BIO220-Slides-Lecture9-W2012

BIO220-Slides-Lecture9-W2012 - The Evolution of Virulence...

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1 The Evolution of Virulence II An overview of the evolution of virulence • The evolution of the influenza • Polio
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2 Three Stages in the Evolution of Virulence Stage 1: Accidental Infection Many pathogens can cause infections in novel hosts. • some may fail to cause secondary infections (e.g rabies, West Nile) • some may cause a short chain of infections and then quickly die out (Ebola, SARS) • Accidental infections can be particularly virulent, but are not necessarily so. Low virulence infections are probably underestimated. • No evolutionary prediction about their virulence is possible. • Accidental infections are rare.
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3 Three Stages in the Evolution of Virulence Stage 2: Virulence evolution soon after invasion • Successful invasion requires a chain of host to host transmission. • Initially this will be an epidemic (a rapid increase in the number of infected hosts). • The invading pathogen will be poorly adapted to its host and therefore there will be rapid evolution of the pathogen, including its virulence. • The rabbit – Myxoma story is a good example of this process.
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4 Three Stages in the Evolution of Virulence Stage 3: Evolution of optimal virulence • Evolution of the pathogen will slow as adaptation occurs • Near equilibrium, a “trade-off boundary” will be reached • The trade-off is between replication rate and life of infection • Total transmissions of the infection are expected to be maximized.
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5 Evolution of Influenza
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16 Marked annual cycle in seasonal flu outbreaks (Oz) year monthy mortality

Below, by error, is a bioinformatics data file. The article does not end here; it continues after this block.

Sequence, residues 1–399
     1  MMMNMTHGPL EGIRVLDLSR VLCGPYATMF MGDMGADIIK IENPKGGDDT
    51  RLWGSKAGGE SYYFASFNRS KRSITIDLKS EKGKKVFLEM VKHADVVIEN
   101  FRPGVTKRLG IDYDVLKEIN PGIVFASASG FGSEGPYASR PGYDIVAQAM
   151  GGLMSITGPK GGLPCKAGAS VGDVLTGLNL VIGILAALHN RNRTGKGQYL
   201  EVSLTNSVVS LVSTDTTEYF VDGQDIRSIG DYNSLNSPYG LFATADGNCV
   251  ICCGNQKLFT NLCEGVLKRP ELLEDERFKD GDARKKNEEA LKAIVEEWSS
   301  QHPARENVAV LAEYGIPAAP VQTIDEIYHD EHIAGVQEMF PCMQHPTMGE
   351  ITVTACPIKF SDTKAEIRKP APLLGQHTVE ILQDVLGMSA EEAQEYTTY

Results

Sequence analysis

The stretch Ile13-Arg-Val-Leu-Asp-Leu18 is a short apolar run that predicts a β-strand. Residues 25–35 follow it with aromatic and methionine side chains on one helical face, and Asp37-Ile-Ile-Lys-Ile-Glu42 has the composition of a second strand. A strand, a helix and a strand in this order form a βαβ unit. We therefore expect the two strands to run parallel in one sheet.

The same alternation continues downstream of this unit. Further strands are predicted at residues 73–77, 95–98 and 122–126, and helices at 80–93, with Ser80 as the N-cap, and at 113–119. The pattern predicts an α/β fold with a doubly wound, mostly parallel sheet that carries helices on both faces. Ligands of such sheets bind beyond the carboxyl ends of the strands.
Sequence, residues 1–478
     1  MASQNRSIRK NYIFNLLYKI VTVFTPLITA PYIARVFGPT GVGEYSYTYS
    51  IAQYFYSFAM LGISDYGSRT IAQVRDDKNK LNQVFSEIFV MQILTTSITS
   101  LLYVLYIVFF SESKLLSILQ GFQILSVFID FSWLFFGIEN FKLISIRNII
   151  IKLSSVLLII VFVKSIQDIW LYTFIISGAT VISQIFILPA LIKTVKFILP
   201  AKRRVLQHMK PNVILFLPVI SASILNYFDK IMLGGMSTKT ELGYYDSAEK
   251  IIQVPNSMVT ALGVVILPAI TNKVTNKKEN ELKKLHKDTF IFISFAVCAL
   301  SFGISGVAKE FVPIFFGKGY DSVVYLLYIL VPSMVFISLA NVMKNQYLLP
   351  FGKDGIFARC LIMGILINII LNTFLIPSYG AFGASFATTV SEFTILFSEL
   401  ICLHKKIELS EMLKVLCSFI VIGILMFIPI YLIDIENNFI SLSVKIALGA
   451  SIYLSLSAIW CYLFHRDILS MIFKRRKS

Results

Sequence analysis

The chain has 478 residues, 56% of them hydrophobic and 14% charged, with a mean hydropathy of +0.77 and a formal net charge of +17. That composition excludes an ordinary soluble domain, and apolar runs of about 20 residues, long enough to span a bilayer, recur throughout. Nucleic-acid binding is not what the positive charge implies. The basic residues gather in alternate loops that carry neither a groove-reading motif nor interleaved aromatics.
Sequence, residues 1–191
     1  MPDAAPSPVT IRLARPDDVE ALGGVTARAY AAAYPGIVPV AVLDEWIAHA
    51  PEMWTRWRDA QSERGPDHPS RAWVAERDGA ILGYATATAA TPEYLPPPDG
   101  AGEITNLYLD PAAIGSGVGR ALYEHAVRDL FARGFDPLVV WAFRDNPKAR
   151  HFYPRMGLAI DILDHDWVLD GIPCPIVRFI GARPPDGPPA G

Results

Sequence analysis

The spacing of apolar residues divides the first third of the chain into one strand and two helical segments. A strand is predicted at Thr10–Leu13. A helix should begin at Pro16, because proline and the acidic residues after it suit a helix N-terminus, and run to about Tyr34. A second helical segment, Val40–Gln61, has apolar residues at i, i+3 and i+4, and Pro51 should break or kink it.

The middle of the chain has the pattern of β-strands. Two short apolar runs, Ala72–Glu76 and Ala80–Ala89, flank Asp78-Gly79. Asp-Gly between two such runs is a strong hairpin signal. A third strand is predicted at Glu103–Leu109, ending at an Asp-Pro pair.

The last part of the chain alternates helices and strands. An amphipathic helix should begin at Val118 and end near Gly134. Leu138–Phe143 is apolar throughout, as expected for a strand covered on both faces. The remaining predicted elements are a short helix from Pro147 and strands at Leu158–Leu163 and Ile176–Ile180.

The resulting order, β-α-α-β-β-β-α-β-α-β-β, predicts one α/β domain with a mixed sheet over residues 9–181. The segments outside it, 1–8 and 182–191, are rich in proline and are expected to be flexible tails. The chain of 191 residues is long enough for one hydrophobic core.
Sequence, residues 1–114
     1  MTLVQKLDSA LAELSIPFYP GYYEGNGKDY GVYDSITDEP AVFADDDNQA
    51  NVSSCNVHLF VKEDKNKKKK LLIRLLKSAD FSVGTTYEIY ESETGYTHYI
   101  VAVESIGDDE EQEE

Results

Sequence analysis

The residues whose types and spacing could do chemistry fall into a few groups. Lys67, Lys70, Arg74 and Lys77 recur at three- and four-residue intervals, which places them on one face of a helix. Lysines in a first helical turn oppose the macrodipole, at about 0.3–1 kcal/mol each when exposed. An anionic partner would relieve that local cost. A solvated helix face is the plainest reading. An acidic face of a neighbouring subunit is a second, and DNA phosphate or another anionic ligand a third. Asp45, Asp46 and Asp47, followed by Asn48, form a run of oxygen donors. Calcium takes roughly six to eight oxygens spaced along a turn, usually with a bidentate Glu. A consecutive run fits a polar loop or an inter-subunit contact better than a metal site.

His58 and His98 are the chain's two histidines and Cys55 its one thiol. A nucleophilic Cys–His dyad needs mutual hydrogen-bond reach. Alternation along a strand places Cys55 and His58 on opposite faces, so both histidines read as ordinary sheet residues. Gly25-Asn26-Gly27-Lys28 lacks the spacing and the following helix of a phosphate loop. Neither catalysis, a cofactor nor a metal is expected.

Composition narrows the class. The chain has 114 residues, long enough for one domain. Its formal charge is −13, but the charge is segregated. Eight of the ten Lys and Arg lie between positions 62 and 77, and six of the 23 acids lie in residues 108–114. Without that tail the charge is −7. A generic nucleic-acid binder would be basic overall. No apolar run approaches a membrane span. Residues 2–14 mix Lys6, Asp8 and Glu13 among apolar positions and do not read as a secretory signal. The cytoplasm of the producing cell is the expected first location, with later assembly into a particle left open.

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7 The death toll World Health Organization estimates respiratory illness killed 4 million people in 1999. ~ 1/4 - 1/2 million from flu Centre for Disease Control estimates 36,000/year in USA. Health Canada estimates 4-8000 people die in Canada of the flu each year. Death is usually due to associated illness
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8 Immunity and the flu most individuals recover from the flu and are thought to maintain lifelong immunity to that particular strain Evidence : 1977 re-emergence of a genetically identical variant of strain H1N1, which was last observed in 1957. Majority of illness occurred in people under the age of 20. Older individuals retained immunity from the 50’s.
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19 Rapid evolution at several sites NA and HA : surface proteins. Escape humoral response. These proteins determine the antigenic shift NA neuraminidase : allows escape from host cell and spread throughout body. HA haemagluttinin
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BIO220-Slides-Lecture9-W2012 - The Evolution of Virulence...

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